Thursday, February 22, 2018

Dunkirk and the Slow Death: A Movie About Nothing

Christopher Nolan proves once again how easily dazzled people are when something seems deep, because, I suppose, Dunkirk seems like a deep movie, all about the desperation of war and whatnot; but, really, Dunkirk is a movie about nothing. It is a movie that says nothing. It is a movie that does nothing. Well, nothing other than lazily follow the pseudo-protagonist around as he spends the movie running away.

In fact, nearly the whole movie is about running away. It's a movie about running away that is capped off by Winston Churchill's famous we-will-fight-them-everywhere speech.

I know. That's so deep. Except that it's not.

It also contains a bunch of purposeless non-linear elements. And don't get me wrong; I have nothing against non-linear story telling... as long as it serves the purpose of the story, but this felt more like it was there because people expect it of Nolan. You know, it's his signature thing so he has to include it even if it doesn't belong in this movie. So what we get is incongruous shots of a mid-day dog fight cut with scenes of a ship sinking in the middle of the night.

Oh! But maybe that's deep!
No, not really. It's just sloppy, bad story telling.
And that doesn't even touch on how we cut back to the same dog fight toward the end of the movie but seen from a different character's perspective.
Basically, the whole movie is out of sequence. None of it serves the story. And some of it is actually conflicting.

But, you know, Nolan is so deep.

I'm not even going to talk about the acting. Generally speaking, the actors all seemed bored. I think Nolan wanted them to seem bored, so I suppose that's good acting, but it makes a movie that comes in at only about one hour and forty-five minutes feel like you were watching it for three. But, maybe, my problem was that I didn't watch it in the theater. I wasn't fully immersed in the bigness of it.
Except that it's really a small movie.

Look, let's use the potty meter to measure this movie. In a good movie, you don't want to have to get up and go to the bathroom because you're worried you might miss something but, in this movie, you could have gone to take a nice long dump and come back to find that you missed... nothing at all. Maybe some more guys died, because people keep dying all around the pseudo-protagonist, but it's almost certain you wouldn't have missed any important dialogue because there's really not any. Hmm, now I'm wondering how long the movie would be if you kept only the bits with dialogue. 20 minutes?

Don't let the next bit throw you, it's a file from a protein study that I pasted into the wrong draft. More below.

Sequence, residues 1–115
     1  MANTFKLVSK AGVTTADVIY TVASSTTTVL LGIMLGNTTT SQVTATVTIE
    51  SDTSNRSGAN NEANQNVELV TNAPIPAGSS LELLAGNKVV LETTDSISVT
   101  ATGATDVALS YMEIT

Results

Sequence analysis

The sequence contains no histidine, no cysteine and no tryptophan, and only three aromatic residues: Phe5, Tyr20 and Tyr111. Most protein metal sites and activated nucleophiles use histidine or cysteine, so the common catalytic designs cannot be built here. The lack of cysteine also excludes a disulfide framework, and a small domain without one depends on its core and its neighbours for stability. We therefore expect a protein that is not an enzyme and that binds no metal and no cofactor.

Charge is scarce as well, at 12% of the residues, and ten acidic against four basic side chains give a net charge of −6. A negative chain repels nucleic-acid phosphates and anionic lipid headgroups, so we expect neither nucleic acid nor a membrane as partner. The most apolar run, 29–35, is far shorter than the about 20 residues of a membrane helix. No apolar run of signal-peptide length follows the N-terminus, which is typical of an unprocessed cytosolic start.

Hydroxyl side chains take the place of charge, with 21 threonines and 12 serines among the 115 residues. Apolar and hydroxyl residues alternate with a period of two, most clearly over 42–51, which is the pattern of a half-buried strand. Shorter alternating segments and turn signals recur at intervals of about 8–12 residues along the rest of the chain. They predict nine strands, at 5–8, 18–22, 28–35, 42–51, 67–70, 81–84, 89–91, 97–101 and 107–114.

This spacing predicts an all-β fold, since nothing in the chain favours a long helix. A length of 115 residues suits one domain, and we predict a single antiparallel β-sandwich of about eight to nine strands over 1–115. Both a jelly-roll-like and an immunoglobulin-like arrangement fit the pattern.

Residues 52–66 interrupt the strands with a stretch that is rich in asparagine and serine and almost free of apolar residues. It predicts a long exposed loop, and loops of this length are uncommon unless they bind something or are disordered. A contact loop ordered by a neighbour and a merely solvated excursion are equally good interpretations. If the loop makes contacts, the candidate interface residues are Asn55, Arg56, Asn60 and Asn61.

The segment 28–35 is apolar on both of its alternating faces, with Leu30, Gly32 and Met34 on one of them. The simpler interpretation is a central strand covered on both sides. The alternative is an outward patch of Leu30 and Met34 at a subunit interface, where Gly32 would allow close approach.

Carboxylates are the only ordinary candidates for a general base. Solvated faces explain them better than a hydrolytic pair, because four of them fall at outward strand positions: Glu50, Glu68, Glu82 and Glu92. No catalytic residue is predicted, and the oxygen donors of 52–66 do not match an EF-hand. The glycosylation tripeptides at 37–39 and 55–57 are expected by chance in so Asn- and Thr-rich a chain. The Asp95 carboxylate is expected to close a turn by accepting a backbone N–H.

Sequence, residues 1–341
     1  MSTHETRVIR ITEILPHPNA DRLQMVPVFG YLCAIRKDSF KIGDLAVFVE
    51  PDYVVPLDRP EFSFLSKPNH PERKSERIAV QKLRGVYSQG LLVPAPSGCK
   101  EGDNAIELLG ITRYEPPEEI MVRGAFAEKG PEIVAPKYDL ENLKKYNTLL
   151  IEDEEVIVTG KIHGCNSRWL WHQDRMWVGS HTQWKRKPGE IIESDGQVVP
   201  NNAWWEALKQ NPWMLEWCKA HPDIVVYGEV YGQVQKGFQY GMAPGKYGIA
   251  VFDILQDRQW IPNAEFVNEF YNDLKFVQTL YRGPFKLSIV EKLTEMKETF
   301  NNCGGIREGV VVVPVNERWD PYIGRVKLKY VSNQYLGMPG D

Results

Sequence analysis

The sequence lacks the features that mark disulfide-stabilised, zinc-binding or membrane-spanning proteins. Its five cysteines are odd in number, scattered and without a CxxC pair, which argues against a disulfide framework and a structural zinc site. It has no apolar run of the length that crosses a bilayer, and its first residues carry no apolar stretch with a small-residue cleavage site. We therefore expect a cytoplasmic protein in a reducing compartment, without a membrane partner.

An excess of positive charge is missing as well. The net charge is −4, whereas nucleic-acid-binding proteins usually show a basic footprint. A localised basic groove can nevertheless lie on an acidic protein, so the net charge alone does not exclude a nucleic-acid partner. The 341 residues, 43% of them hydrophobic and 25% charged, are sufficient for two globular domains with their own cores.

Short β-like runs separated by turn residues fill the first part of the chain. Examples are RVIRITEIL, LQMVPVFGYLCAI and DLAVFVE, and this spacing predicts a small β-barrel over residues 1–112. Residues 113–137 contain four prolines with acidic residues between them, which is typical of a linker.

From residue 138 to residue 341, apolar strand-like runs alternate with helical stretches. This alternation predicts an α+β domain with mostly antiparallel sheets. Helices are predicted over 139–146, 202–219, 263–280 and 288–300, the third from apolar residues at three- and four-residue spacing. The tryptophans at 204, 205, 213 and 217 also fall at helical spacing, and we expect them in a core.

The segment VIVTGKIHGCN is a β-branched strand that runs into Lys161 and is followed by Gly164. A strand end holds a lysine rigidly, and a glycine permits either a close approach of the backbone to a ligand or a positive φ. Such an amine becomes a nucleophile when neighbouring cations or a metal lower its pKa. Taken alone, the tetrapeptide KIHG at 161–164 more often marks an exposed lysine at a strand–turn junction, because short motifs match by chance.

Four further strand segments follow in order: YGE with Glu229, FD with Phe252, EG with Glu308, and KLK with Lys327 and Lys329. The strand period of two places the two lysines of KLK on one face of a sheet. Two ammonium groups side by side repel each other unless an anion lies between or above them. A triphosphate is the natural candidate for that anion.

The biggest issue with the movie is that it is very unclear about who the enemy is. Or any context about what's going on at all. Sure, maybe Nolan just assumes that everyone should know enough about World War II to supply that for themselves, and maybe everyone should, but it's abundantly clear that a vast amount of people don't know anything about World War II and have no context for what's going on. Shithead Nolan couldn't even identify the Nazis as the enemy in the opening text. No, he just says, "They're surrounded by the enemy."

What the actual fuck, Nolan? You can't do better than that? What enemy? Aliens? Goblins? Ravaging hordes of barbarians? No, it was Nazis, and you should have been clear about that.

But, then, it's painfully obvious that this was your go-to for trying to win a best picture Oscar after losing with Interstellar, an artsy movie about WWII. But this movie shouldn't have been nominated at all. It's just a hollow piece of chocolate that is ultimately disappointing because it has no substance. Bad chocolate, at that.


  1. Just stop watching Nolan movies. I thought it was brilliant and an incredibly unique take on a war film.

    1. Alex: Do you want me to quit watching them so that I'll quit pointing out how most of them are actually bad movies?

  2. I think the point was that it was a chaotic time and no one knew what was going on. And yes, they were running away.

    But I haven't seen the movie, so I have no idea how well it works. As I'm not a war movie aficionado, I have a feeling I'll feel about it much as you do.

    1. Liz: I think you're giving him more credit than what's there. I'm pretty sure the point was to make an artsy war movie nominally set in WWII to be blatant Oscar bait.

  3. I haven't seen the movie (and probably won't) so the only thing I can really disagree with you is about it not being nomination-quality. The academy only nominates movies based on what they like, and what they like is WWII movies. I'm not saying that this is how it should be, but something like two thirds of the voters are old white men. Of course they like WWII movies.